From Pascal strings to Python tuples

Pascal Cuoq - 31st Jul 2013

Quiz time

What does the program below do?

#include <stdio.h> 
int main(){ 
  struct { 
    int t[4]; 
    int u; 
  } v; 
  v.u = 3; 
  v.t[4] = 4; 
  printf(\v.u=%d"  v.u); 
  return 0; 

Two answers are “it prints v.u=4” and “it prints v.u=3”:

$ gcc t.c && ./a.out  
$ gcc -O2 t.c && ./a.out  

The correct answer is of course that the program invokes undefined behavior. It is not that we are using at any time an lvalue of the wrong type to access memory breaking the so-called “strict aliasing rules”. It is not that v.t+4 is outside of object v. The problem is that v.t+4 is outside object v.t. So GCC does what it pleases and when compiling with -O2 optimizes brutally:

$ gcc -S -O2 t.c && cat t.s 
	.string	"v.u=%d" 
	movl 	$3  %edx 
	movl 	$.LC0  %esi 
	movl	 $1  %edi 
	xorl	%eax  %eax 
	call	__printf_chk 

Frama-C's value analysis warns for the above program:

$ frama-c -val t.c 
t.c:9:[kernel] warning: accessing out of bounds index {4}. assert 4 < 4; 

In general accessing t[i] when t is an array of size 4 is only valid when i < 4 but here the index is hard-coded as 4 so line 9 is only valid when 4 < 4. That is never: all executions that reach line 9 encounter undefined behavior there.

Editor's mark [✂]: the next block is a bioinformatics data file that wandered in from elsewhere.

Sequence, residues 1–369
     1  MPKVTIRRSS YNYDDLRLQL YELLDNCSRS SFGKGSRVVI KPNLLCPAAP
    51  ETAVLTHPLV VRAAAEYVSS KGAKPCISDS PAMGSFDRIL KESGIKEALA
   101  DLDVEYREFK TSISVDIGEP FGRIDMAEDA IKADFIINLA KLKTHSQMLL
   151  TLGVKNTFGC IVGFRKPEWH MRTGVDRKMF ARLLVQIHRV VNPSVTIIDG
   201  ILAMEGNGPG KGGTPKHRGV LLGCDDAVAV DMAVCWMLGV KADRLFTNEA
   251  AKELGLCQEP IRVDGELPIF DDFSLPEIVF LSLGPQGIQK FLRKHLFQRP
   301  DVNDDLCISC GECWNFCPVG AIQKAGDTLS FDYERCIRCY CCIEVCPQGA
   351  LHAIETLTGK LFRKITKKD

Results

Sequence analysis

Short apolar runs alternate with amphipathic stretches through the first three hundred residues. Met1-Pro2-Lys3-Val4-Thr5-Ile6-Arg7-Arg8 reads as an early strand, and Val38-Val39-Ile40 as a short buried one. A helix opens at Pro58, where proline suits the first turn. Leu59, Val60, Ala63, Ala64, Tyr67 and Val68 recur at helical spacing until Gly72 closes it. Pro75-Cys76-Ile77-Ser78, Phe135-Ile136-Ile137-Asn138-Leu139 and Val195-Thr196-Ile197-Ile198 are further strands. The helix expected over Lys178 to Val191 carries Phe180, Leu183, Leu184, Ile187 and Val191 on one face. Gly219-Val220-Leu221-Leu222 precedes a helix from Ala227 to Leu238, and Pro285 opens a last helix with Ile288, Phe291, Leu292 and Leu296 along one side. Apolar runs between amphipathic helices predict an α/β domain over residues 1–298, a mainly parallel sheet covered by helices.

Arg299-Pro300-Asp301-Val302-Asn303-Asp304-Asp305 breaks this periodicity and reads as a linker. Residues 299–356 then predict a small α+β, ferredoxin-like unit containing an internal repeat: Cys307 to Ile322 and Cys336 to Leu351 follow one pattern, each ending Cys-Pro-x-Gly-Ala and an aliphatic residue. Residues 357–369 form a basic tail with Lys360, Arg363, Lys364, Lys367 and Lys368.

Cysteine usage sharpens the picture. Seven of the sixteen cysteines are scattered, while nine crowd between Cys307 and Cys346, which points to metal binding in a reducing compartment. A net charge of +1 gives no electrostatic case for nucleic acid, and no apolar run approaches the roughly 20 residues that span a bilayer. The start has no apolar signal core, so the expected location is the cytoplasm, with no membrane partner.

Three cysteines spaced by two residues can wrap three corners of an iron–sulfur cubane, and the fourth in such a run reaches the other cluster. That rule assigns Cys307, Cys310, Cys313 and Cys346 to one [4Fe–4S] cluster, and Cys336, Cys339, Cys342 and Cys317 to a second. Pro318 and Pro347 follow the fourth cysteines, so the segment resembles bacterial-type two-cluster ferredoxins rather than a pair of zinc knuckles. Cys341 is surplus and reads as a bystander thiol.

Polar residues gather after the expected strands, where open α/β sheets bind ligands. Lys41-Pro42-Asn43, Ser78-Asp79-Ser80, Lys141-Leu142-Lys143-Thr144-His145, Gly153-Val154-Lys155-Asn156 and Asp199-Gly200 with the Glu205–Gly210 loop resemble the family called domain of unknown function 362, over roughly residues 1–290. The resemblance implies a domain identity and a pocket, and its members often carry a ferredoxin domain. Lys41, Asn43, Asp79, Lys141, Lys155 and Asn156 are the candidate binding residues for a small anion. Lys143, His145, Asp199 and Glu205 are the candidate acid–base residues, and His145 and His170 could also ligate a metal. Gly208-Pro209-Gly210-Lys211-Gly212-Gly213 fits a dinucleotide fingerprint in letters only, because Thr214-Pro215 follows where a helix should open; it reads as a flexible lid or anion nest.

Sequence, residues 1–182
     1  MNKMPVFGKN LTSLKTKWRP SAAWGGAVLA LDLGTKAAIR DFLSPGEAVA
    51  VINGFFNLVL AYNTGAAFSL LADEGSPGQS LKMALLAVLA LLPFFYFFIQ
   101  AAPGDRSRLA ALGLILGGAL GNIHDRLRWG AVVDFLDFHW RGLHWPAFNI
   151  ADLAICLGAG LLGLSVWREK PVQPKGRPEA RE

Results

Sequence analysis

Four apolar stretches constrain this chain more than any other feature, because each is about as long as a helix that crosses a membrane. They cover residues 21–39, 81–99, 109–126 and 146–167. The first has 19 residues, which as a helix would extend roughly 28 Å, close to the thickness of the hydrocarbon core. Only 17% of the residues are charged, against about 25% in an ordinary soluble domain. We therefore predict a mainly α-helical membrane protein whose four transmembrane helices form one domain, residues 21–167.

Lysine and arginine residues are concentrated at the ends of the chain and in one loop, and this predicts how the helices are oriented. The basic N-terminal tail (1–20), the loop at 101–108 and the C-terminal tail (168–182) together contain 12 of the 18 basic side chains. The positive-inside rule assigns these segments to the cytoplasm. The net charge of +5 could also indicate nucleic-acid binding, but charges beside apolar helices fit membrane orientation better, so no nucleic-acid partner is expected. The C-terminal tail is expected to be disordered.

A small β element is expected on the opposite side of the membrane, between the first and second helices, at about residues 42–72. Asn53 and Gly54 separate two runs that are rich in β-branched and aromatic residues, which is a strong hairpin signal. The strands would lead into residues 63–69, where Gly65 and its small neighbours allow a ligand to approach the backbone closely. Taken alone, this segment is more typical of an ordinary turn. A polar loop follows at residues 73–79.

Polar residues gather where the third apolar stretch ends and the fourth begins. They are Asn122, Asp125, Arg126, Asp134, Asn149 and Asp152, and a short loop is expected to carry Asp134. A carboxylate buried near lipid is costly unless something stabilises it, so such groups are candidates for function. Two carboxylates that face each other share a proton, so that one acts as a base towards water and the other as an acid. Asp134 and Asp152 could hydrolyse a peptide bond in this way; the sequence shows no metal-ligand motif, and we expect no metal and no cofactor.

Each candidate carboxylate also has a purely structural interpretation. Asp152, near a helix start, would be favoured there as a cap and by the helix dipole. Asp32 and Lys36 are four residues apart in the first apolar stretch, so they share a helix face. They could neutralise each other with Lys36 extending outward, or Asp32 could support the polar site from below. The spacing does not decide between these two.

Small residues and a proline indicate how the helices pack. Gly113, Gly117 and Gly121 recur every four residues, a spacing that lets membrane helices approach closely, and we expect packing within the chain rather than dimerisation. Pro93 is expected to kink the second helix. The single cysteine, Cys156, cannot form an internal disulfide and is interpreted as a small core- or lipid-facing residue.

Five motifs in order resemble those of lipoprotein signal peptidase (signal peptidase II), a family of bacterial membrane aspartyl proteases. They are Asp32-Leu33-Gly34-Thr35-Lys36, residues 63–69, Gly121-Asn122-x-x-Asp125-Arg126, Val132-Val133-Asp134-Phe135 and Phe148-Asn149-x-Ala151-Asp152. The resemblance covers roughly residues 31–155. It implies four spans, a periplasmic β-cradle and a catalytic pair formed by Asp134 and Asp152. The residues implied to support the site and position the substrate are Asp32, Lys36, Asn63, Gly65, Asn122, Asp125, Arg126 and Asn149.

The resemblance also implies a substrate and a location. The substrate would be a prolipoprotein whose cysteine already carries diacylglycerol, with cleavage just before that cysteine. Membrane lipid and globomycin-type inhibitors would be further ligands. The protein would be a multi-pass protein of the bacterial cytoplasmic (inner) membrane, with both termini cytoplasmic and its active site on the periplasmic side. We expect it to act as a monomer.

Second quiz same as the first quiz

What does the program below do?

#include "stdlib.h" 
typedef struct{ 
  int tab[1]; 
} ts; 
int main() { 
  ts *q = malloc(5*sizeof(int)); 
  q->tab[2]= 5; 
  return 1; 

If you guessed “invoke undefined behavior” well done!

The program above was shown to me by facetious colleague Bernard Botella who is hard at work analyzing Python 2.7.4's runtime in the context of a project named SafePython. The snippet above is his reduced version of a larger piece of C code he found there. The issue Bernard was having started with the type definition below and I will let you guess the rest:

typedef struct { 
   PyObject *ob_item[1]; 
   /* ob_item contains space for 'ob_size' elements. 
    * Items must normally not be NULL  except during construction when 
    * the tuple is not yet visible outside the function that builds it. 
} PyTupleObject; 

In C90 the “array of size 1 as last member of a struct” was a common idiom for implementing things like Pascal strings. And of course it is just as valid for variable-length tuples. The problem is that this is not 1990 any more: compilers now use undefined behavior as an excuse to optimize aggressively and the idiom is no longer valid at all for either tuples or Pascal strings. On the plus side in the C99 standard we got “incomplete types” a safe way to implement tuples and Pascal strings:

typedef struct { 
   PyObject *ob_item[]; 


I have encouraged my colleague Bernard to report the above as a bug in Python. This kind of bug report is usually ignored because it denounces idioms that programmers have used for a long time and that they think they understand. Just remember: if you think you can predict what the program in the second quiz does you should be able to predict what the program in the first quiz does (or explain what is different about it).

Pascal Cuoq
31st Jul 2013